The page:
Asysu had, at one point been looking forward to her “Social Problems” class but now she was not so sure. She was excited because she had wanted to be foster parent later in life and thought that the class would help her prepare for whatever troubles the kids might bring with them. But all this teacher wanted to do was talk about himself. He talked for 25 minutes about his websites and always ended his name with Ph.D. as if the students already didn’t know.
She tried to remember to remove some of her biases long enough to learn something, but that learning never came. They spoke for the last few minutes of the class on what it meant to be non-objective. Aysu was listening with an open mind until the teacher said something about followers of O’Dell never being able to be un-biased.
This remark was something that Aysu could not ignore. The rebel in her said, “If you say not to pray to O’Dell then I will pray all the harder. If you say that worshipers of O’Dell are less than those that worship others or none at all, then I will worship all the louder!”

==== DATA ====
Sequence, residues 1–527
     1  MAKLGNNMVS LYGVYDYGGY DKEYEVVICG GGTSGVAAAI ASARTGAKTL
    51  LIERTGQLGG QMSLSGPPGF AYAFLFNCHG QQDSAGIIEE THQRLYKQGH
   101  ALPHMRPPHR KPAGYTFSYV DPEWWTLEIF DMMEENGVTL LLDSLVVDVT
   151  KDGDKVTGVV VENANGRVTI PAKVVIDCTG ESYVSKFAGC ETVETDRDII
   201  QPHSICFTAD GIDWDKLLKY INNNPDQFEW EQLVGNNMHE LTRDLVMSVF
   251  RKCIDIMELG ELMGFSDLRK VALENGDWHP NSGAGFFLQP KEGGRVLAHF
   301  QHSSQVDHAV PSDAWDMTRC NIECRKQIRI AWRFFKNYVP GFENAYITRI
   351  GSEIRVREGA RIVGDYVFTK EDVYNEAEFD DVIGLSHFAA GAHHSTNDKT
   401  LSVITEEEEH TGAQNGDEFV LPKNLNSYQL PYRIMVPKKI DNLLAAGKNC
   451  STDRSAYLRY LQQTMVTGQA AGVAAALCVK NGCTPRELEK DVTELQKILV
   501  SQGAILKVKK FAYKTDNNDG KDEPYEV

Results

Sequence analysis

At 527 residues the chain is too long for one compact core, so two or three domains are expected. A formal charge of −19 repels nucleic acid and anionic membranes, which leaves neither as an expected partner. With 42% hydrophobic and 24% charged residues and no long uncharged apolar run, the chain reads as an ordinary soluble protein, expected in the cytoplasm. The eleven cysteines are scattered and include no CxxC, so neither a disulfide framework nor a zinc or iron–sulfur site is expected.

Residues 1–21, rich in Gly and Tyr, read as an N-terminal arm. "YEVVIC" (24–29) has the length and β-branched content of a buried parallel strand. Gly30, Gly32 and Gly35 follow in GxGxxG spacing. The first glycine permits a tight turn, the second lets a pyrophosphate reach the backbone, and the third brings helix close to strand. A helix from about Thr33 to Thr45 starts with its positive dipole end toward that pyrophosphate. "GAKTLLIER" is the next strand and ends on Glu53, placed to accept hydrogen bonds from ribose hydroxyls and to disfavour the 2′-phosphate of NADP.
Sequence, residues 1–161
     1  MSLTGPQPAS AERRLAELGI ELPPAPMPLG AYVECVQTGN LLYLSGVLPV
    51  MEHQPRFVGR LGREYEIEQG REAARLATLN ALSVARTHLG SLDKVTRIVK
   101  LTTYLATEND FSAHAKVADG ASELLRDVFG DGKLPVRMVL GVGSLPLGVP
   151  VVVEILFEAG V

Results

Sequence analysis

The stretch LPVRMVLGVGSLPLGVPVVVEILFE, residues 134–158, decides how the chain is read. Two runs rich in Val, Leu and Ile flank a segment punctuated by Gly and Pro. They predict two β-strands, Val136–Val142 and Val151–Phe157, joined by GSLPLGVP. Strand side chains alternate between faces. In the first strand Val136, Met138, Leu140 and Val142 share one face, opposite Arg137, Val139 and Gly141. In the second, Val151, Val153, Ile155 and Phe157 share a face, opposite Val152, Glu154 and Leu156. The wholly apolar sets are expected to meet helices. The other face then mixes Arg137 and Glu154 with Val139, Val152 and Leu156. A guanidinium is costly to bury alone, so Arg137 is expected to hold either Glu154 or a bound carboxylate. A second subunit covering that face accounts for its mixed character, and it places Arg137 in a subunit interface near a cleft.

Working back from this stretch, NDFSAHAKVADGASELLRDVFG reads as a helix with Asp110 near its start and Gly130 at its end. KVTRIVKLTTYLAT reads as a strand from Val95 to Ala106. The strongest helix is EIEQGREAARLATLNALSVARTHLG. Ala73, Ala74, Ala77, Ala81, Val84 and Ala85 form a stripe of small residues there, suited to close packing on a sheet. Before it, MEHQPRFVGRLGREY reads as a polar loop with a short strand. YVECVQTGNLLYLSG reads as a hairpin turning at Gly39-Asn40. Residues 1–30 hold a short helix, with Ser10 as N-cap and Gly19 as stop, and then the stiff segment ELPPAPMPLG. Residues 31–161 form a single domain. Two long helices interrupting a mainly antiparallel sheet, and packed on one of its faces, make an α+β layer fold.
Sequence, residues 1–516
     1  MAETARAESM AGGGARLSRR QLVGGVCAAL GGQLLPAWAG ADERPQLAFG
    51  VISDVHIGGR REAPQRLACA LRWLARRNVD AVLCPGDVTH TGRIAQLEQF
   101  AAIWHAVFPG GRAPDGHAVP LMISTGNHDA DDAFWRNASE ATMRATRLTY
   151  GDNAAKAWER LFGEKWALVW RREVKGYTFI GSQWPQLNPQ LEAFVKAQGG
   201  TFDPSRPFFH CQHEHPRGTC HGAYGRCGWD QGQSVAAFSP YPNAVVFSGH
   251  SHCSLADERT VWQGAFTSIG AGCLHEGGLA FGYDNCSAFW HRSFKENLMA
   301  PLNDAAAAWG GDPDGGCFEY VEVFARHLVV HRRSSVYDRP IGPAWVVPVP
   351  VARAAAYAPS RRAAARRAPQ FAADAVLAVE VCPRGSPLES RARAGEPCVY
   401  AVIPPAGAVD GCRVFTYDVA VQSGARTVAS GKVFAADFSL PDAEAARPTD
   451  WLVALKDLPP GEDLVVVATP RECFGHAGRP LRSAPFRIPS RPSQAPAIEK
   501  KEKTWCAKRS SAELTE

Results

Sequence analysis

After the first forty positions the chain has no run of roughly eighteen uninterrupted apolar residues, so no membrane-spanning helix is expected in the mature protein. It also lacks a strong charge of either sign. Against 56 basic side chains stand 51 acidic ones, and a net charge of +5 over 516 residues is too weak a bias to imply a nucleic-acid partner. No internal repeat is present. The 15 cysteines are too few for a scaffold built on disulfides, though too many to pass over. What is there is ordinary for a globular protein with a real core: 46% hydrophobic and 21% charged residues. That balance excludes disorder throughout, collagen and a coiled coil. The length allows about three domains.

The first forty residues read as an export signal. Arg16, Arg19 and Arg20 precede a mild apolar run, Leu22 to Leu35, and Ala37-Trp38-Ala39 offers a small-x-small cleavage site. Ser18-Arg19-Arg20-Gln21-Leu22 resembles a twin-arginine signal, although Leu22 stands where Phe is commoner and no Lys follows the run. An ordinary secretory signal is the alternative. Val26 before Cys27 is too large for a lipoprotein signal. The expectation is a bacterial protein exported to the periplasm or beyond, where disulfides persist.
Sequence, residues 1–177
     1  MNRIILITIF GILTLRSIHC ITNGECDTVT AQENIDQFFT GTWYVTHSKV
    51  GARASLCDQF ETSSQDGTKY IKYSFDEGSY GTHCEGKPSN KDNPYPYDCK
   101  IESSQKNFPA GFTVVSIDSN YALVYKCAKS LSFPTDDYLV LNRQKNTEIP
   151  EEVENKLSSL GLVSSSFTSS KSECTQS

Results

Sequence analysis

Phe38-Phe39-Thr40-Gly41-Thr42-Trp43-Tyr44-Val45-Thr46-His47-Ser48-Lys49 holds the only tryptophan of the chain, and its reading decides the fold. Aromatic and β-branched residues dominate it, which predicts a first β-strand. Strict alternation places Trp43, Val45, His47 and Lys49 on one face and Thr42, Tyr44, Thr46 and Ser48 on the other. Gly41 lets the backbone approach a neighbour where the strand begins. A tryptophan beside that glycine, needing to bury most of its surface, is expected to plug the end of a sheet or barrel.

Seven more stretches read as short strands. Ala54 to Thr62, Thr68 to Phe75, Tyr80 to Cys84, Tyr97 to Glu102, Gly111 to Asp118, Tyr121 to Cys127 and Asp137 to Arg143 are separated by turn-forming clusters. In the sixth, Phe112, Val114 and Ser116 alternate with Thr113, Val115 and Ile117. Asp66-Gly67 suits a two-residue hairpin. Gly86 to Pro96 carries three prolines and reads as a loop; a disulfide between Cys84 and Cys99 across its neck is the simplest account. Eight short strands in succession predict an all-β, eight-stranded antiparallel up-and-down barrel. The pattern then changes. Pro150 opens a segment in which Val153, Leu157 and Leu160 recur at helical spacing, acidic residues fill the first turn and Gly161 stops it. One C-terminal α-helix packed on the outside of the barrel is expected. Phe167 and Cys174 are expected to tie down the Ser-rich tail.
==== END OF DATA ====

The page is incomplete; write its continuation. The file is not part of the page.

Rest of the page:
Aysu knew that countering with such anger was not the way to attack the situation, so she wrote her thoughts down and closed her notebook leaving the class in a state of forced calm.
She spent a fairly uneventful day at school. Her car was in the shop so her mother drove to her to class. Bu the plumber had decided to come to the house so Mother was going to be late. While waiting, Aysu did what most college people did—she surfed the internet.
First, she spent time looking up her favorite thing and the source of her intended transformation: Arabic things and raqs sharqi. That led to other searches such as Egypt. That is when it happened. She found a video claiming that ancient Egyptians were actually black people. It claimed that the most awesome ancient civilization was a black community. She had no problem with this at first, accept that she thought she knew differently.